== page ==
TRANSCRIPT OF WASHINGTON POST INTERVIEW WITH PRO-LIFE PHARMACIST ANDREW EELLS, RPh, BS Pharm
Following are answers to your questions. Please advise when your article is published.
(Andrew Eells, BSP)
--How long has
your pharmacy been a pro-life pharmacy?
The pharmacy has been prolife by default since it opened in February 2007. By default because it serves a specialized patient population, and the question does not arise in this practice setting. The specialty is chronic obstructive pulmonary disease. I personally have not dispensed abortifacient drugs since early 1984.
--What exactly does it mean in your case to be a pro-life pharmacy?
The practice of pharmacy should recognize and respect the human rights of preborn children. That precludes dispensing agents designed to violate those rights. For example, birth control pills, as one of their actions, deny a newly conceived child nutrition by preventing the child's attachment to the uterus.
--What made you
decide to be a pro-life pharmacy?
The decision was imposed by the very concept of human rights. We live in a country which declares the obligation of all to respect human rights. Our society proclaims that human rights are in fact inviolable. As a pharmacist, I am not proud to admit that I was dispensing birth control pills without understanding fully their effects. When I became aware that birth control pills can end the life of a conceived child, a fitting respect for the human rights of the child required that I discontinue dispensing the pills.
--What specific products do you not stock?
Since the question is not germane to this practice setting, I will respond with what I think it is intended to learn. I do not dispense products designed or prescribed to end the life of a human, before or after birth. In practical terms, these products are commonly referred to as birth control pills and "Plan B."
--Do you have signs up explaining this to customers?
This question also is not germane to my practice setting. However, I will offer an abstract observation. There are politically militant people currently demanding that such signs be mandated by regulatory agencies. I assert that it would be more appropriate for regulators to ban these products as violations of human rights. It borders on the bizarre that a society as well educated as ours, ostensibly dedicated to the dignity of human life, which has mapped the genome, and where scientific research continually elucidates our understanding of life from its very beginning - that this same society enters the political realm and pretends it doesn't know that a conceived child is a human. Human rights begin when human life begins. The rights derive from life, not from law. It remains for law to protect the rights.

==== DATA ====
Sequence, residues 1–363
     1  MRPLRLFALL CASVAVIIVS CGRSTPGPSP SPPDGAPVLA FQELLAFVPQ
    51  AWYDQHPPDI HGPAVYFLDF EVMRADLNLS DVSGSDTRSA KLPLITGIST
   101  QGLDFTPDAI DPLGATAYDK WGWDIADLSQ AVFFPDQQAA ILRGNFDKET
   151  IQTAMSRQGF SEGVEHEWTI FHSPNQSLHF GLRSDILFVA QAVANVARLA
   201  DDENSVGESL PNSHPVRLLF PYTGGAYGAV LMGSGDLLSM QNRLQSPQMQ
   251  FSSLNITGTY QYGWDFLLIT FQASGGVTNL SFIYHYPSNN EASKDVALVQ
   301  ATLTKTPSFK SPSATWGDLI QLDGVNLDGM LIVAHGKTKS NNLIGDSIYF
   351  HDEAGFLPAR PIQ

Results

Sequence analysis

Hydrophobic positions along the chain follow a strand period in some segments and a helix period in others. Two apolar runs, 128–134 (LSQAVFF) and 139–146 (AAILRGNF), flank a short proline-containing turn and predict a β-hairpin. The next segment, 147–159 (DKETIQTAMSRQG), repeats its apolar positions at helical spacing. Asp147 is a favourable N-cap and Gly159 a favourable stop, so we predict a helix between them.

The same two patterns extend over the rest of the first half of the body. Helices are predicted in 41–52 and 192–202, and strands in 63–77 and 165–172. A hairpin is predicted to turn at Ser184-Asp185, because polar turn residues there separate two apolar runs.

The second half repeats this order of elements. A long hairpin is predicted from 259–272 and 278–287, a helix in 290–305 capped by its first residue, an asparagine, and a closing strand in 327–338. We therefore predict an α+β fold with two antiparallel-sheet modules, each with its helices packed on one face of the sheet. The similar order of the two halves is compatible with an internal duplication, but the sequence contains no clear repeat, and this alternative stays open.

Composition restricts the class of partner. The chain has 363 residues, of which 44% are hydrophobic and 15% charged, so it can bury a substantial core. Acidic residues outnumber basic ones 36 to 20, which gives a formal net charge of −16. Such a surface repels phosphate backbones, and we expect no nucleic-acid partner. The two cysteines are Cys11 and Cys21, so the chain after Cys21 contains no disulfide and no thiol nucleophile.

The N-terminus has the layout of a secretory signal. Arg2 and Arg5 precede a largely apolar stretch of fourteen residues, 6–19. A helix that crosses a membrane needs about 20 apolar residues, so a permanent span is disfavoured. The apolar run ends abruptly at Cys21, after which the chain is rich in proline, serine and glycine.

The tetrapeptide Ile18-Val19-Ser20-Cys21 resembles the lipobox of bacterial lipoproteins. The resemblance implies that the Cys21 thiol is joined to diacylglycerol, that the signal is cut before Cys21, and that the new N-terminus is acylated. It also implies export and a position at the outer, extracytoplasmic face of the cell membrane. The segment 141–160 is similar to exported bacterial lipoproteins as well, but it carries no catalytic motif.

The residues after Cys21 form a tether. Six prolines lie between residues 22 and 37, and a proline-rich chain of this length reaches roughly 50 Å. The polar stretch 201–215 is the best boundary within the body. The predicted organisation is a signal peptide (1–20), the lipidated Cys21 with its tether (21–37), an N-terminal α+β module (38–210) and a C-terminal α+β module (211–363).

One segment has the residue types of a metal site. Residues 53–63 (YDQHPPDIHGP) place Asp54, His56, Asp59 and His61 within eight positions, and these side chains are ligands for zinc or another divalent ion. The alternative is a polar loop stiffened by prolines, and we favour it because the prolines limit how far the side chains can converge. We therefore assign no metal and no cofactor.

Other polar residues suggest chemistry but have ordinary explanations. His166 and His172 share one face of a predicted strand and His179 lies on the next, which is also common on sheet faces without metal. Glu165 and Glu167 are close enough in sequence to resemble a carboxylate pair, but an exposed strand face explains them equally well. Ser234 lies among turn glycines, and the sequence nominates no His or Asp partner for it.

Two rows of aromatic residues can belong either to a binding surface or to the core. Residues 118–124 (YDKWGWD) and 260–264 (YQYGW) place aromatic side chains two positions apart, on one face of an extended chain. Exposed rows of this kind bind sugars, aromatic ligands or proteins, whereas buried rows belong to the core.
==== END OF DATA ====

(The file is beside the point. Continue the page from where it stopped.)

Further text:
--How do you
handle situations where customers come in seeking products you
do not stock?
While again a situation that does not apply to me, I will reply in principle, regarding the products at the focus of your inquiry. First I would explain why I do not dispense the product. This involves patient education about the product's action. Then I would offer referral for an alternative. Not an alternative provider, but an alternative therapy. For birth control pills, that would be instructors in natural family planning. For Plan B, that would be a crisis pregnancy center.
There is a school of thought that maintains a pharmacist who does not dispense abortifacients must refer patients to another provider who does dispense them. Please allow me to offer an analogy which illustrates why this position is illogical in the extreme. Consider the case of a mental health counselor treating a battered wife. She states she has had enough and has determined to obtain a gun and kill her husband.
That counselor would not act ethically by responding that conscience prevents helping her kill her husband, and then referring her to an individual who would provide the gun.
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